“By donating money now, they get a sense of satisfaction from seeing the charities putting their funds to good use,” the planner notes. But Ada and Alvin are too young to give it all away at once, he cautions.
Instead, he recommends they monitor their finances year by year to ensure they hang on to enough readily available capital to cover large and unexpected costs such as nursing care. They also have to take into account repair and maintenance of their properties and the cost of replacing their vehicle. As well, their priorities might change; for example, they may want to leave something to their grandchildren.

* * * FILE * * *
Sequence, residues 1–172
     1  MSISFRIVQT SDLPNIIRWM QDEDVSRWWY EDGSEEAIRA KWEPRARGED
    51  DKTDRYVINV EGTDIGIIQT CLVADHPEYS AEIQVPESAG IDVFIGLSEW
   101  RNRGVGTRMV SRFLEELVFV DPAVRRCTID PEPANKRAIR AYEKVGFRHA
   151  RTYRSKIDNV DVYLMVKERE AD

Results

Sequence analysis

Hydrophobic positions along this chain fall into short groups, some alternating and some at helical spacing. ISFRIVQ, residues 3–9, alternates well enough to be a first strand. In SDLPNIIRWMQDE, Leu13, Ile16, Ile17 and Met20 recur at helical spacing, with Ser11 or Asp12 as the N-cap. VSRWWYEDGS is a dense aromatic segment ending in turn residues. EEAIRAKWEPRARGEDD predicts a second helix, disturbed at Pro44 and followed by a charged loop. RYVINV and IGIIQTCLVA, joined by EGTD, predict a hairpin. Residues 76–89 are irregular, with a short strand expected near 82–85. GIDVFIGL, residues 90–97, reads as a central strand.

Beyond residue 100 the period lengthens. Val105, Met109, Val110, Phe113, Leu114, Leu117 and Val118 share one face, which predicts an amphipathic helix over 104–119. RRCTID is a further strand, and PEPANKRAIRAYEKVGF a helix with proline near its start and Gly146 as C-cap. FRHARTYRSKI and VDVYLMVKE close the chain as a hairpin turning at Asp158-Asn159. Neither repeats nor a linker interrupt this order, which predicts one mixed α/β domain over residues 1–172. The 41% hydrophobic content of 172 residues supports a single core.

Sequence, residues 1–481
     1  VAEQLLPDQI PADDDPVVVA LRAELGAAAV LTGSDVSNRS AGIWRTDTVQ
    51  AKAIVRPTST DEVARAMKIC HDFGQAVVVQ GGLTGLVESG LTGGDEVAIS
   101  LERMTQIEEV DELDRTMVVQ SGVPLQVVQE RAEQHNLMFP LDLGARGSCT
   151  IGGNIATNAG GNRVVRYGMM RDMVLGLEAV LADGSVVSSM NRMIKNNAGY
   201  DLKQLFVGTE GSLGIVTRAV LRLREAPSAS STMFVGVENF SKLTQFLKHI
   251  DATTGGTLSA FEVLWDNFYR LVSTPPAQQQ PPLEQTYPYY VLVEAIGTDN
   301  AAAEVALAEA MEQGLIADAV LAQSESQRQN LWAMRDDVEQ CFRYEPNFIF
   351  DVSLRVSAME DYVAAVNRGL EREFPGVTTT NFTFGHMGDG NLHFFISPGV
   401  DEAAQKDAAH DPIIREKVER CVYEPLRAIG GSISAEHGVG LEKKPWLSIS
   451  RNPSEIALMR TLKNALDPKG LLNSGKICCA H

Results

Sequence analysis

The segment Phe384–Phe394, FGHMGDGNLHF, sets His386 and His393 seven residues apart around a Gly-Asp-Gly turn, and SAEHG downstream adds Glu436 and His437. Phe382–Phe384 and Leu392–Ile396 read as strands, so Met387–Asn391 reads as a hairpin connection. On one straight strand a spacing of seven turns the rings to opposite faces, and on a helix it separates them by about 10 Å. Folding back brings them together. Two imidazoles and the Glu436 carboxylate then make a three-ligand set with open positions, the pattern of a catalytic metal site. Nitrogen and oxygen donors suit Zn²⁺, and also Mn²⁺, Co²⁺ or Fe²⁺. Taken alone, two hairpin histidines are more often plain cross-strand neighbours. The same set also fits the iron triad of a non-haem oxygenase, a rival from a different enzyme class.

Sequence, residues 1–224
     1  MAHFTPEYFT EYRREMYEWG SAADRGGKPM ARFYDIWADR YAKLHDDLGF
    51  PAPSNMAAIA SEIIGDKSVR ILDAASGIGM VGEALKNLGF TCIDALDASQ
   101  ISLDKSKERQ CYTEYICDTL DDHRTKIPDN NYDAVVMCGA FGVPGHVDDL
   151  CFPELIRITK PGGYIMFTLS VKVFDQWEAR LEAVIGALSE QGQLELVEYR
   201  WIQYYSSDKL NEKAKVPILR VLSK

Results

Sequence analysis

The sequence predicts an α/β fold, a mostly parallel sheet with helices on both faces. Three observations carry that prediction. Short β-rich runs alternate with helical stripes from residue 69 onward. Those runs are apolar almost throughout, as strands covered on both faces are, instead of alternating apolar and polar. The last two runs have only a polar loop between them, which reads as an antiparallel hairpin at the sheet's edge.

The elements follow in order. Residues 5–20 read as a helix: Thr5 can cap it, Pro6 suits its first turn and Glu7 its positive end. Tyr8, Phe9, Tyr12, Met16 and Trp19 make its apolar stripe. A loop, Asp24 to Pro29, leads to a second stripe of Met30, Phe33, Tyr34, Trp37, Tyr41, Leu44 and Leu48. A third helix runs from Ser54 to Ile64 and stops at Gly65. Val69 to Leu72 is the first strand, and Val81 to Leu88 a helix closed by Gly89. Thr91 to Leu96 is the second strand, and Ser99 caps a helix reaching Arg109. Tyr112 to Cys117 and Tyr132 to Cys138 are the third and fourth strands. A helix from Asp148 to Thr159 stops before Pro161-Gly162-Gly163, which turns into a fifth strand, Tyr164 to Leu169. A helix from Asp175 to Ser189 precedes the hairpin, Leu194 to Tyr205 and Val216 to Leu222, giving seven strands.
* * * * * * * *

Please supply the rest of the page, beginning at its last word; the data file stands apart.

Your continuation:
Donating money to charity has significant tax advantages. Donors can claim a charitable tax credit for gifts of up to 75 per cent of their net income each year. People donating publicly traded securities may increase their tax saving by reducing the amount of capital gains tax that would be payable on the eventual sale.
Hence Alvin and Ada should focus first on donating stocks on which they have a capital gain, Mr. McShane says. When they put their condo up for sale, they face another capital gain, so they should plan to make a substantial donation that year.
Some time ago, the couple bought a universal life insurance policy to offset taxes that would be payable by their estate when they die, a use that isn’t really required anymore because of their donation tax credits.The premiums are being paid out of cash value. They should continue to fund this policy because it provides tax sheltering on a portion of their investable assets, the planner says. They could always make their chosen charity the named beneficiary.